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Capturing Progressive Video?

Discussion in 'Camcorders, Action Cams & Video Editing Forum' started by ECM, Sep 29, 2004.

  1. ECM

    ECM
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    Hi all,

    I was hoping someone could suggest a reasonably-priced way to capture progressive video to hard drive--I currently capture with an ADVC300 (Canopus) but it only supports interlaced video, unfortunately.

    Any suggestions would be most appreciated.
     
  2. Roy Mallard

    Roy Mallard
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    is this necessarily a problem?.

    With progressive scan the two fields should be identical, i.e there should still be two fields on your tape. Field dominance shouldn't be an issue either as it won't matter what way the fields are read.

    Although you are using progressive scan unless you are using an HDCAM or DVCPROHD etc. the frame rate cannot be changed.

    If it's something like a panasonic 100/200 or canon xm/xl then the signal on the tape should have the same synch pulses etc as regular interlaced video.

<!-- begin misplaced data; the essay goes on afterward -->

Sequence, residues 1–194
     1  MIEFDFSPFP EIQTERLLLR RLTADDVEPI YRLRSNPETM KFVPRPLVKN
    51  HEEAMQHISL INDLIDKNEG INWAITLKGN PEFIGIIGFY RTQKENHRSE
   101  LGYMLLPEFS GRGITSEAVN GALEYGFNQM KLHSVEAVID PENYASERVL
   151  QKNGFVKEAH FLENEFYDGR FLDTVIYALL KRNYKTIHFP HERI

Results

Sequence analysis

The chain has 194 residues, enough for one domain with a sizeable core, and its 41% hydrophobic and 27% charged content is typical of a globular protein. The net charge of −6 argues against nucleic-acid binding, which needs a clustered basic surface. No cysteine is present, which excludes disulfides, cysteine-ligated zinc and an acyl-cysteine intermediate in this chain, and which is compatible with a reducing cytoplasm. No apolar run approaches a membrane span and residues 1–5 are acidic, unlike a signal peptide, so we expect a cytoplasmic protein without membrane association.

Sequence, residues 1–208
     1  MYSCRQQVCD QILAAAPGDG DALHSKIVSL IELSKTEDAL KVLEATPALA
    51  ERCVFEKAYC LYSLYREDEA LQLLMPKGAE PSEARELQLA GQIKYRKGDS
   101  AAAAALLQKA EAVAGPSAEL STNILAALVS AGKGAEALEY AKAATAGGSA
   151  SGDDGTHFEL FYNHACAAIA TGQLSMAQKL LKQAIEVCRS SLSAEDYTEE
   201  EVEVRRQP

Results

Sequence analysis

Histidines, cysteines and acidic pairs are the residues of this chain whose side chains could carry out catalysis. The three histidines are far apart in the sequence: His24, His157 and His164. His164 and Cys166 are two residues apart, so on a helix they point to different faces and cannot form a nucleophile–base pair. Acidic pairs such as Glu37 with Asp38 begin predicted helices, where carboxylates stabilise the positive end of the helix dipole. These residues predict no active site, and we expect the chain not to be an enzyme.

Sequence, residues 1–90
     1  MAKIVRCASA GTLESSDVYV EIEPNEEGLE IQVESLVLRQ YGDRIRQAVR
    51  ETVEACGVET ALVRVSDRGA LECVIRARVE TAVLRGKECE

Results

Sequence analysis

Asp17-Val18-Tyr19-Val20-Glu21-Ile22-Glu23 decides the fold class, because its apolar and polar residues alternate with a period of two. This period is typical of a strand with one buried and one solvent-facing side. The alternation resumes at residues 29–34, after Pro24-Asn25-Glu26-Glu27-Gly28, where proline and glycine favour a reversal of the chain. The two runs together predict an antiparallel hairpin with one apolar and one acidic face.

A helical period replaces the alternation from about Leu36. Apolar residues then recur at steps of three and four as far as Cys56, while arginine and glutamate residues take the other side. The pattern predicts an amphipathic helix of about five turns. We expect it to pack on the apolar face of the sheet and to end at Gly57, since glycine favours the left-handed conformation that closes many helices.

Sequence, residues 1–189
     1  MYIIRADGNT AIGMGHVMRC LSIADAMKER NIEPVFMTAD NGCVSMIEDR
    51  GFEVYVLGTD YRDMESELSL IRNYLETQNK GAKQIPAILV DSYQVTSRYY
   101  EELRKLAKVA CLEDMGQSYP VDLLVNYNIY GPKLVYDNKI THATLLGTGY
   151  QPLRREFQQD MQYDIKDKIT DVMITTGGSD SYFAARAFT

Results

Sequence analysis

The transport and actual frame rate are unchanged, just how the camera processes the visual information from the ccds differs.

    Although the progressive/deinterlaced/cinema mode looks good I've always forund it better to de-interlace in post, keeping the shutter speed lowish (1/50th) assists the motion blur that any artefacts between fields are impercievable.

    It's also worth noting that on sonys (up to the DSR 250) if you record in progressive mode your effective frame rate is reduced to the point where the motion is strongly affected.

    On canons and panasonics (miniDV/prosumers) they use pixel shift which reduces the maximum resolution to 75% of effective ccd area. Deinterlacing in edit gives you 100% effective ccd area.
     

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